President: Will not allow defaming Egypt's armed forces
President Mohamed Morsi gave a speech following an Iftar with the armed forces stationed in Egypt's eastern Ismailia on Saturday expressing his gratitude for the role played by the army in protecting the country, commending the role of the army during the 25 January "revolution" and later in protecting the parliamentary elections.
Morsi referred to those trying to disfigure the "beautiful image" that was created through the unified stance taken by the people and the army together. He said that he will not allow these people to succeed in their "continuous attempts to hinder the road to democracy."
"I will not allow this even if I have to go back onto the streets," declared the president, who ran as the candidate for the Muslim Brotherhood.
In his speech, Morsi told the attendees that in the current phase, there are two priorities for the army; one is "to be fully prepared to defend the country," and the second is to be patient.
"For my part, my responsibility is to defend you if anyone ever offends you," he said.
During the event General Ahmed Wasfi thanked Field Marshal Hussein Tantawi, for "saving Egypt through a critical time of its history." Head of the Supreme Council of the Armed Forces (SCAF), Tantawi retained his post as defence minister in the newly-formed cabinet, a post he has held since 1991.
Relations between the Muslim Brotherhood and the Armed Forces appear to have taken a harmonious turn after a period in which relations were strained. While some revolutionaries have accused the Brotherhood of negotiating with the military behind closed doors, there have been two moments of particular tension.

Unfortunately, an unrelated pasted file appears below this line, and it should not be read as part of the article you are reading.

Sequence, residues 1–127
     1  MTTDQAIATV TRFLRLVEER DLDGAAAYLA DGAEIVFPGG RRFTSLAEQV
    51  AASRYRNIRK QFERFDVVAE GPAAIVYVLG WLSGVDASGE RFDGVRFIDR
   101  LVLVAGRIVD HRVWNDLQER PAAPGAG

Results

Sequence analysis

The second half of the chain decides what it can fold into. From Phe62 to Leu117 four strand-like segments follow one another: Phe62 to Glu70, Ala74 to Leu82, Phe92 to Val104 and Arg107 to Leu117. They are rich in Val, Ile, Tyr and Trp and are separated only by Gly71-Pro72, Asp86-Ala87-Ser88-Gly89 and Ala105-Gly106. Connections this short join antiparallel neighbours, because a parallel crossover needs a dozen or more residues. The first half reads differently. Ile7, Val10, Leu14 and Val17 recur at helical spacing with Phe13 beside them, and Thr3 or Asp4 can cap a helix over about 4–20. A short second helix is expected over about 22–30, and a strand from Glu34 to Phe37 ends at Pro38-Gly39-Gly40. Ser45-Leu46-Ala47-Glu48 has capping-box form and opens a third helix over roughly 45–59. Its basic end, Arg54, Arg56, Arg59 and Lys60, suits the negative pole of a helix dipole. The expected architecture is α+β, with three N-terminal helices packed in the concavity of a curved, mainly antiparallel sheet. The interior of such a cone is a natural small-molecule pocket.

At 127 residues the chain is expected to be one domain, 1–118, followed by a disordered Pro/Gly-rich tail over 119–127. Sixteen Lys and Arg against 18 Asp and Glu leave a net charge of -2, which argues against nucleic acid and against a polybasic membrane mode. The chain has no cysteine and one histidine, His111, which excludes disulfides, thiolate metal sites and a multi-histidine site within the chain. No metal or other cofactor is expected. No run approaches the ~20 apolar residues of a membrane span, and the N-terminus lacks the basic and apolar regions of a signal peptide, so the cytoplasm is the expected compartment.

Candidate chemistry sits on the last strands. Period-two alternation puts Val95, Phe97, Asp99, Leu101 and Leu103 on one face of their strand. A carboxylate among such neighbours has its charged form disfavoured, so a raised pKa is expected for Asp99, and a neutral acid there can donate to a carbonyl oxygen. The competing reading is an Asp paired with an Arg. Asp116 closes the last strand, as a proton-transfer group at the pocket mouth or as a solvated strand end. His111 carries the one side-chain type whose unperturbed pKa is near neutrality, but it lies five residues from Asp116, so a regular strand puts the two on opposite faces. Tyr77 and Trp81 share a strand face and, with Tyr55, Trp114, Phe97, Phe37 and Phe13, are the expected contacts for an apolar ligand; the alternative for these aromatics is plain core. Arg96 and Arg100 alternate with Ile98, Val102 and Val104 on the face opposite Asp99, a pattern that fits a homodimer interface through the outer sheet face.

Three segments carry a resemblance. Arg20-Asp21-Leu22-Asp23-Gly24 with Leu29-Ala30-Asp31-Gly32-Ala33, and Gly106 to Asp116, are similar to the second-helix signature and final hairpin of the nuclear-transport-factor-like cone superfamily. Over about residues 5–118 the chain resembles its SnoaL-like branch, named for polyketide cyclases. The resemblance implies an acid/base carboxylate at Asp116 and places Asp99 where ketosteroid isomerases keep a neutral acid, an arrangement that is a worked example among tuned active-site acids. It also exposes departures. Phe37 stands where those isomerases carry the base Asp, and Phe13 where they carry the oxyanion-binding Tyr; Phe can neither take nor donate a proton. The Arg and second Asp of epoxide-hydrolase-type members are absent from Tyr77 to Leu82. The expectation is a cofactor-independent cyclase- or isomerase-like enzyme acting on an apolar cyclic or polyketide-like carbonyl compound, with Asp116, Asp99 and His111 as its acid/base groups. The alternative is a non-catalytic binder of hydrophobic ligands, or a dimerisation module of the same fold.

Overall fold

Last March, the now-dissolved parliament, dominated by the Brotherhood's Freedom and Justice Party, accused the SCAF of keeping Kamal El-Ganzouri's "incompetent" government for its own benefits. They threatened a number of times to withdraw confidence from the government.
The military council responded, telling the Brotherhood to "be aware of the lessons of history to avoid mistakes from a past we do not want to return to." Many observers noted this as a reference to the incidents of 1954, when a large number of Brotherhood leaders were jailed and the group outlawed when accused of involvement in an attempt to assassinate then-president Nasser.
The second point of particular tension came when the SCAF issued a constitutional addendum on the eve of presidential election results. The newly-issued articles transferred a number of powers from the presidential office to the military, and as a result the SCAF faced accusations of seeking to limit the influence of the Brotherhood when they saw that Morsi was likely to win the presidency.
President Morsi's statements in Ismailia may indicate that he is seeking a less confrontational way of managing the relationship with the military council.
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